Mythbusting fetal alcohol spectrum disorder

3 minute read

We hear about MBS changes, new drug guidelines and common mistakes in FASD diagnosis.

It’s widespread and often misdiagnosed, but fetal alcohol spectrum disorder has finally been included in the MBS.

This is a good thing according to our guest Nirosha Boaden. She is undertaking a PhD in FASD and brings expertise in social work and public health research to her role as a senior mental health specialist in the Northern Territory.

Ms Boaden says FASD can manifest in behaviours that are often mistaken for attention deficit hyperactivity disorder and autism spectrum disorder. There are other misconceptions that Ms Boaden clears up in The Tea Room today.

The assumption that FASD is only an issue for marginalised communities is wrong, according to Ms Boaden.

“Alcohol consumption is not in just one part of our community. It’s broadly across Australia. The highest rates of binge drinking are in adolescents up to 25 years and the highest rates of longitudinal drinking – a glass or two after work – are people over 35 years,” she says.

International prevalence studies indicate that up to one in 20 children in Western countries could have FASD but there is no accurate data for Australia.

The second misconception is that people with FASD always have sentinal facial features such as small eyes and thin upper lip.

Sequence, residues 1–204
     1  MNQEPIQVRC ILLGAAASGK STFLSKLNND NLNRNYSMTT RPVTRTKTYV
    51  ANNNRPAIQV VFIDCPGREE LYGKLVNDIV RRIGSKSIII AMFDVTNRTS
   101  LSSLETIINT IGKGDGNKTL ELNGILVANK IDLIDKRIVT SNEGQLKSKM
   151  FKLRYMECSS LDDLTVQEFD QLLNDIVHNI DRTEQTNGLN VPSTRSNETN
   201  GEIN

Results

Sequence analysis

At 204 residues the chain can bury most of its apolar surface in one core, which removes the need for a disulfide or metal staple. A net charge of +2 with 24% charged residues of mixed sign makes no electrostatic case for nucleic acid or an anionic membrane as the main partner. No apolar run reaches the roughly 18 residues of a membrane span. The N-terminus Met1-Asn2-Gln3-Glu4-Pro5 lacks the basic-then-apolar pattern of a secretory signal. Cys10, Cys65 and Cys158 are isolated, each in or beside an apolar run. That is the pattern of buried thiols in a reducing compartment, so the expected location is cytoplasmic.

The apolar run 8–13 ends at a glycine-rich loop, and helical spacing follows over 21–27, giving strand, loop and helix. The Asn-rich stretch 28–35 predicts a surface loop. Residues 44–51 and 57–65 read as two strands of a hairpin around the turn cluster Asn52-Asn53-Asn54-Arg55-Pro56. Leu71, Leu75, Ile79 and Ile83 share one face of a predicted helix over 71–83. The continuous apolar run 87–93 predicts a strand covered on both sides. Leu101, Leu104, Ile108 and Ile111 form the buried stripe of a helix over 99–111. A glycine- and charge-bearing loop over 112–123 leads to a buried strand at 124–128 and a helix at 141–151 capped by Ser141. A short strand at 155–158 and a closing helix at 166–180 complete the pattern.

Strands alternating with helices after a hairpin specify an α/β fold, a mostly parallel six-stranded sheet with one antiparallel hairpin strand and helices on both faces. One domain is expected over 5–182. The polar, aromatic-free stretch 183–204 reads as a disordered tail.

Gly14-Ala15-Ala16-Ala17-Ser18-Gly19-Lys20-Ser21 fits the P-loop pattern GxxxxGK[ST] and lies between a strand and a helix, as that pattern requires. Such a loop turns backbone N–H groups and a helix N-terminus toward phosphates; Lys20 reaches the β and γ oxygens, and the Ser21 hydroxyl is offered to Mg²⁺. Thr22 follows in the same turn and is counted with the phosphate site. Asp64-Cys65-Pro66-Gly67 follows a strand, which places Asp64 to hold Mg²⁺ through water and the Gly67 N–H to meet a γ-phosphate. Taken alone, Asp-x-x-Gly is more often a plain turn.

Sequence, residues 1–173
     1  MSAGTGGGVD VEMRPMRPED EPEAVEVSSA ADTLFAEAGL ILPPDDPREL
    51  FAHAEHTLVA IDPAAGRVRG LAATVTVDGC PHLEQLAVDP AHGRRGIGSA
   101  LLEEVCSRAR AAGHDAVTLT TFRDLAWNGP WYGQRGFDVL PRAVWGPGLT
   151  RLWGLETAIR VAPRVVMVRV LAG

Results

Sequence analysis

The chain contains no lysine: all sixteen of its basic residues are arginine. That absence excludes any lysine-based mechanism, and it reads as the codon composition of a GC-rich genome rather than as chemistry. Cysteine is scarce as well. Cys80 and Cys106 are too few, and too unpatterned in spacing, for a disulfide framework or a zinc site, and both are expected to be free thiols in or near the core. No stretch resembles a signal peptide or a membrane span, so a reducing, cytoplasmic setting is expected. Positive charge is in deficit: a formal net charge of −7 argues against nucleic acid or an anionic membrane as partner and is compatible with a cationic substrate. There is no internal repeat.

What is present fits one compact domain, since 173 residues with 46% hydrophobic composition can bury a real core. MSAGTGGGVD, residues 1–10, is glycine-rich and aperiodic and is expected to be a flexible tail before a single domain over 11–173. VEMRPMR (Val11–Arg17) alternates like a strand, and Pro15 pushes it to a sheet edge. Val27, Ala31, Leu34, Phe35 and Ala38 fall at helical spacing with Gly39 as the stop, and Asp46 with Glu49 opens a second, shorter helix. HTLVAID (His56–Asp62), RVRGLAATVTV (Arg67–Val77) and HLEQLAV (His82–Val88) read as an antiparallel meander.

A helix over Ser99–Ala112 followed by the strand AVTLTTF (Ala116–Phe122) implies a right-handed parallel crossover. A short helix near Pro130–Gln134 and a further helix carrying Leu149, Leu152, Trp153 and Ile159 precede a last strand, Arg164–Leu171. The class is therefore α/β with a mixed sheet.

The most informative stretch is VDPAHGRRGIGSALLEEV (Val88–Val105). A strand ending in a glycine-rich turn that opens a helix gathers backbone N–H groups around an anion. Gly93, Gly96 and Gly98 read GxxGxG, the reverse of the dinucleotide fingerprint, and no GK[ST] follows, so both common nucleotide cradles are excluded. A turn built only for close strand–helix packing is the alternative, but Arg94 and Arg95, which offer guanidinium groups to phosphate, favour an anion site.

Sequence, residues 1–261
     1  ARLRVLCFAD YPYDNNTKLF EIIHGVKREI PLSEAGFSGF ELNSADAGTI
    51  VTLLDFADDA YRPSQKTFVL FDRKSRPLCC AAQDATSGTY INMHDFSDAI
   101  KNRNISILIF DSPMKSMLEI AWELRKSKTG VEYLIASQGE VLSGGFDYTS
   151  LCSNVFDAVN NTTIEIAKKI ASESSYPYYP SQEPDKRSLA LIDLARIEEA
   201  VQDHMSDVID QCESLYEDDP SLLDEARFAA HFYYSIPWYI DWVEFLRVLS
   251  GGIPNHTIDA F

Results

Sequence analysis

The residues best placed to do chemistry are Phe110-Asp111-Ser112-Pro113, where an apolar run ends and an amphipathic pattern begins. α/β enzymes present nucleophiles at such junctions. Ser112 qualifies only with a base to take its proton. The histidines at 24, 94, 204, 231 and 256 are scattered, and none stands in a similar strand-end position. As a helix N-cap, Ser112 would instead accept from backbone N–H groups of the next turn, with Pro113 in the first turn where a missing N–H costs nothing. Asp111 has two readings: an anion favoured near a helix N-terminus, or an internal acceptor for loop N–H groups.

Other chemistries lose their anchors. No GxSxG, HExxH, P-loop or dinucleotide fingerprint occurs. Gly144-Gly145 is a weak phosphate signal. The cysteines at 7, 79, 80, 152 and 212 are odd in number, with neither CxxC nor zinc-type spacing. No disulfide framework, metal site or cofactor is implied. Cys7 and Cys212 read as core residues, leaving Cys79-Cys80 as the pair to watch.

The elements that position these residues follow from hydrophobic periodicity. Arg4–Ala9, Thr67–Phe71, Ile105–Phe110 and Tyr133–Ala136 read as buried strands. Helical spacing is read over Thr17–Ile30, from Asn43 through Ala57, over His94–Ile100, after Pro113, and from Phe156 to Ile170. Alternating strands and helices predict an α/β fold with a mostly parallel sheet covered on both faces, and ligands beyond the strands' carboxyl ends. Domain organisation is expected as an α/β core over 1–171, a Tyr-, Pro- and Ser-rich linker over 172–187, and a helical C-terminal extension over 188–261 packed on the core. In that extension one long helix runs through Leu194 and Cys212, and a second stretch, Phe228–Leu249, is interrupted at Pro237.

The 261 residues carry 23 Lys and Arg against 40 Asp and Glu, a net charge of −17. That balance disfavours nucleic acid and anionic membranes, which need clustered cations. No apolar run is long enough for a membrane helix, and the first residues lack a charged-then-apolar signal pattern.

“We now know that you can have FASD with sentinel facial features or without. So, if there’s been a confirmed alcohol use during pregnancy and maybe there’s some impairment with the child cognitively, then refer it to paediatrics because they could really benefit from a diagnosis,” Ms Boaden says.

The third FASD myth Ms Boaden wants to bust is the ongoing belief that an occasional drink during pregnancy presents no risk.

“The latest research tells us that there’s absolutely no safe level of alcohol during pregnancy,” she says. “Maybe when someone is pregnant we can all get together and do a Dry July for the whole nine months.”

Ms Boaden says pathways for adults with FASD are inadequate and patients are likely to be either undiagnosed or overmedicated. She says polypharmacy is often an issue for FASD patients and that people with FASD have a higher risk of death by misadventure.

As of 1 March, the MBS has included FASD under neurodevelopmental disorders.  The age limit for neurodevelopmental disorders has also been lifted from 13 to 25 years and MBS has doubled the number of assessment services permitted.

NoFASD Australia has published guidelines for clinicians to follow when prescribing medications to people with FASD. They are based on Canadian research that established a medication algorithm to guide prescribers.

You can listen and subscribe to the show by searching for “The Tea Room Medical Republic” in your favourite podcast player.

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